Next Article in Journal
Leaf Temperature Fluctuations of Typical Psammophytic Plants and Their Application to Stomatal Conductance Estimation
Next Article in Special Issue
Designer Niches Promote Seedling Survival in Forest Restoration: A 7-Year Study of Whitebark Pine (Pinus albicaulis) Seedlings in Waterton Lakes National Park
Previous Article in Journal
Local and General Above-Ground Biomass Functions for Pinus palustris Trees
Previous Article in Special Issue
Whitebark Pine in the Northern Cascades: Tracking the Effects of Blister Rust on Population Health in North Cascades National Park Service Complex and Mount Rainier National Park
Open AccessArticle

Growth Response of Whitebark Pine (Pinus albicaulis Engelm) Regeneration to Thinning and Prescribed Burn Treatments

1
US Forest Service, Rocky Mountain Research Station, Fire, Fuel and Smoke Science Program, 5775 Highway 10 W, Missoula, MT 59808, USA
2
W. A. Franke College of Forestry and Conservation, University of Montana, 32 Campus Drive, Missoula, MT 59808, USA
*
Author to whom correspondence should be addressed.
Forests 2018, 9(6), 311; https://doi.org/10.3390/f9060311
Received: 29 March 2018 / Revised: 16 May 2018 / Accepted: 24 May 2018 / Published: 1 June 2018
(This article belongs to the Special Issue Ecology and Restoration of Whitebark Pine)
Whitebark pine (Pinus albicaulis Engelm.) forests play a prominent role throughout high-elevation ecosystems in the northern Rocky Mountains, however, they are vanishing from the high mountain landscape due to three factors: exotic white pine blister rust (Cronartium ribicola Fischer) invasions, mountain pine beetle (Dendroctonus ponderosae Hopkins) outbreaks, and successional replacement by more shade-tolerant tree species historically controlled by wildfire. Land managers are attempting to restore whitebark pine communities using prescribed fire and silvicultural cuttings, but they are unsure if these techniques are effective. The objective of this study was to determine how whitebark pine regeneration responds to selective thinning and prescribed burn treatments. We studied changes in diameter growth after restoration treatments using ring width measurements obtained from 93 trees at four sites in Montana and Idaho that were treated in the late 1990s. Overall, the average annual radial growth rates of the trees in treated areas were greater than those of trees in control areas. Specifically, there were significant increases in the growth ratio (180%) in the two sites that were both thinned and later burned. Younger regeneration showed more response to the treatments than older regeneration. All sites showed high variability in post-treatment growth rates across individual trees, with greater variability for trees in treated areas than in trees from the control areas. Results suggest that whitebark pine regeneration can respond to thin and burn release treatments and that managers may see positive results in areas that are treated similarly. View Full-Text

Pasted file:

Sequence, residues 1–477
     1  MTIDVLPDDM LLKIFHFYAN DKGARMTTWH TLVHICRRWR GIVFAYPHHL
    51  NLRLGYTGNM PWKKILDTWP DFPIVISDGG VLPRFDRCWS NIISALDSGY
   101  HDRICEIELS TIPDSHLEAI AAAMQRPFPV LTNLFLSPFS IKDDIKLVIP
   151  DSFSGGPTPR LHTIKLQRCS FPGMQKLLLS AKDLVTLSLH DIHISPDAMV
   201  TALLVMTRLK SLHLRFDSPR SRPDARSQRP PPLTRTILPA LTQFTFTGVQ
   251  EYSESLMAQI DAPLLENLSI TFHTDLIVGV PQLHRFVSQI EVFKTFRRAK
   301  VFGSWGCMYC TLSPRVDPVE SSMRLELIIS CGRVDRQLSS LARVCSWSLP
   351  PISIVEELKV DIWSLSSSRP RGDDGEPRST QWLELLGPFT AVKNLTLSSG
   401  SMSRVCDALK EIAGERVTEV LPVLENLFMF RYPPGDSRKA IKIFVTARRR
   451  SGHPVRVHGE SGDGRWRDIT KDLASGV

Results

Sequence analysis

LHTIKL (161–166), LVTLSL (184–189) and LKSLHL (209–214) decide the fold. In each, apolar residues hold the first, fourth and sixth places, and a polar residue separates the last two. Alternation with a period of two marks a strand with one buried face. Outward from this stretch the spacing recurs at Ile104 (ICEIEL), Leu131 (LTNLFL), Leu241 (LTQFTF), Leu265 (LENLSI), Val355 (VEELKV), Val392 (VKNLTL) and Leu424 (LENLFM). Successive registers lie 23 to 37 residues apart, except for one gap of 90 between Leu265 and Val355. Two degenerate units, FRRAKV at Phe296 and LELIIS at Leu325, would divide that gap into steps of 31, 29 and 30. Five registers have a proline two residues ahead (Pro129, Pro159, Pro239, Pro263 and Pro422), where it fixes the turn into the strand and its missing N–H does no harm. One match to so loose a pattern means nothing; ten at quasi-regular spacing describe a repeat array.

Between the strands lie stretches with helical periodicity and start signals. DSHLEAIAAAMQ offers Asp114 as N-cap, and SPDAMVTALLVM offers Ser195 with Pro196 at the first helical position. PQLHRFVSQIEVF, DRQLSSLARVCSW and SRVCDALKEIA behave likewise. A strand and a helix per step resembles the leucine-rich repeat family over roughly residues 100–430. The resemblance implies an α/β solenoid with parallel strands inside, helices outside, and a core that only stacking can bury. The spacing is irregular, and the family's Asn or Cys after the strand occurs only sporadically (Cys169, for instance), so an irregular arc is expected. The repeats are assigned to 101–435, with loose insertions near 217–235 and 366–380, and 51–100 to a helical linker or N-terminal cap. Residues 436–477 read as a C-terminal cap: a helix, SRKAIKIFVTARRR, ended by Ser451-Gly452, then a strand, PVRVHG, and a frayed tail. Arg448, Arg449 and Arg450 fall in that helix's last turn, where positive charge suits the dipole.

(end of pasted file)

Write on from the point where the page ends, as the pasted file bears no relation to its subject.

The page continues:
Keywords: whitebark pine; regeneration; release treatments; restoration; radial growth whitebark pine; regeneration; release treatments; restoration; radial growth
Show Figures

Figure 1

MDPI and ACS Style

Retzlaff, M.L.; Keane, R.E.; Affleck, D.L.; Hood, S.M. Growth Response of Whitebark Pine (Pinus albicaulis Engelm) Regeneration to Thinning and Prescribed Burn Treatments. Forests 2018, 9, 311.

Show more citation formats Show less citations formats
Note that from the first issue of 2016, MDPI journals use article numbers instead of page numbers. See further details here.

Article Access Map

1
Back to TopTop